Proposed revisions to the city’s liquor code soon will go before the St. Charles City Council and likely be wrapped up before year’s end, concluding a controversy over alcohol-related problems downtown that has dragged on for more than a year.
Mayor Raymond Rogina said early Monday evening, after the St. Charles Liquor Control Commission had reviewed a draft of proposed revisions to the liquor code, that he hopes the changes will bring the downtown closer to his vision of what the city’s central business district should be.
Rogina said he envisions the downtown as “a fun entertainment place for people to go without having to worry about fights and other activity … that really is sophomoric. We want to allow the enjoyment without the rowdiness.”
City officials began scrutinizing the downtown area in early 2012, meeting with bar owners to express their concerns about “over-service” of alcohol — in other words, allowing intoxicated individuals to continue drinking. City officials focused on that issue as key to a bevy of other problems — from drunken streets brawls and bar fights to instances of public urination, public intoxication and related issues.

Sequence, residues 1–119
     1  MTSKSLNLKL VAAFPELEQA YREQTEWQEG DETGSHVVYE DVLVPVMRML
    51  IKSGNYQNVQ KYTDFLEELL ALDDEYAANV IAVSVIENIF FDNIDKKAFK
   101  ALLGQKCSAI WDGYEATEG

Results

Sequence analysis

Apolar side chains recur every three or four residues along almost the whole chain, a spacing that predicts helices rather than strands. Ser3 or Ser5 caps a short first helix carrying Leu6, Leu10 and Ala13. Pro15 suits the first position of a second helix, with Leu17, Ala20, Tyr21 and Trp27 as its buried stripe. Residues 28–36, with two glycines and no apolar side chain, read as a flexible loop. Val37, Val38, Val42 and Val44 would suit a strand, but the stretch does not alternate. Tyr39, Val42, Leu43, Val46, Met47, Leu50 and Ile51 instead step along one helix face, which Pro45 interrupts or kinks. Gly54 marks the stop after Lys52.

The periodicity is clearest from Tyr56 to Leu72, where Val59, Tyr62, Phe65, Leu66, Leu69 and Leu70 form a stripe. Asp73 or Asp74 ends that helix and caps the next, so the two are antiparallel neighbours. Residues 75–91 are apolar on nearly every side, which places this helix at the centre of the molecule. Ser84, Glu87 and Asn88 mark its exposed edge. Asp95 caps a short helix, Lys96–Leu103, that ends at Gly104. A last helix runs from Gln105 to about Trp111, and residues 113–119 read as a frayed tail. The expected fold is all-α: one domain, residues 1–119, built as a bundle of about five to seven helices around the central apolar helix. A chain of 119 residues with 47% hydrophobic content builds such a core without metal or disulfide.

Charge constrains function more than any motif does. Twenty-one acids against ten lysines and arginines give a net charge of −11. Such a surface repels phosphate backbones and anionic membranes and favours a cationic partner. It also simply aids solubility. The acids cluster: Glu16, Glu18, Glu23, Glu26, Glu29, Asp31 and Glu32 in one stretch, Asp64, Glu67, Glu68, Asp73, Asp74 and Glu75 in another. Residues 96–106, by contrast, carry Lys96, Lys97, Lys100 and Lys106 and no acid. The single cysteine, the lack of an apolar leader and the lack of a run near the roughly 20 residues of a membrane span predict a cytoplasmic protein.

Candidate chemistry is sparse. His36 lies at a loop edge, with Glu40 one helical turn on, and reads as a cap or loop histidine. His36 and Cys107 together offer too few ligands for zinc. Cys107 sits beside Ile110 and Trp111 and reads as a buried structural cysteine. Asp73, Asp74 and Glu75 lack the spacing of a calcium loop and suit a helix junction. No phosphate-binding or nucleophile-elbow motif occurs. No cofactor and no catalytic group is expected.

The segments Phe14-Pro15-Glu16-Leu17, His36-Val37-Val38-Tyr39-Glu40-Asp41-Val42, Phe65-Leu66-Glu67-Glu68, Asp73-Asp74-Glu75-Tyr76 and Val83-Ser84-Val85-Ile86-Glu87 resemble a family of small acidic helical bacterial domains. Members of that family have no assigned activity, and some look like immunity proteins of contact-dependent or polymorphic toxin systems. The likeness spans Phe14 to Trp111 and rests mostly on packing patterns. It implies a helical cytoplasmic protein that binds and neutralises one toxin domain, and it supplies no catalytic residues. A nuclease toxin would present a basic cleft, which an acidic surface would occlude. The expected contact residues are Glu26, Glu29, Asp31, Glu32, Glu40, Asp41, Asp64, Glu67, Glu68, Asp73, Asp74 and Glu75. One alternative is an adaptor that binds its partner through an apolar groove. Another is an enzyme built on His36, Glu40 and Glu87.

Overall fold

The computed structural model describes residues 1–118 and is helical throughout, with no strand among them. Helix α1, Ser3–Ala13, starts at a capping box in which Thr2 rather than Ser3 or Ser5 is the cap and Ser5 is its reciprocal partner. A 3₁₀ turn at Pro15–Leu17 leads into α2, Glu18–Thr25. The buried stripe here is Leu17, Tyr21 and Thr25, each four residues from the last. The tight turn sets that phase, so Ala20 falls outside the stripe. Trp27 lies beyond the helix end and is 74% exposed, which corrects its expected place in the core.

The concerns came to a head in August 2012 when police saw a spike in such activity in one weekend, including one incident in which at least one officer was struck. That prompted a call by then-Mayor Don DeWitte to cut back closing times from 2 a.m. citywide to 1 a.m.
The downtown bar owners, however, coalesced into the St. Charles Tavern Association and asked the city for time to work out solutions with the city.
Rogina said Monday those efforts have had an effect. He pointed out that Police Chief Jim Lamkin has pointed out repeatedly since early this year that the number of serious incidents his officers have been called to have declined. And, while other calls have increased, Lamkin has pointed out that many of those calls have been initiated by the establishments before the situations could become more volatile.
“When this (liquor code revision) is complete in the next month, we will have accomplished control on sales in this community,” Rogina said.
One change already has been pushed through — the creation of the Liquor Control Commission, which advises Rogina as the city liquor commissioner about issues ranging from proposed ordinance changes to liquor license applications to liquor code violation complaints.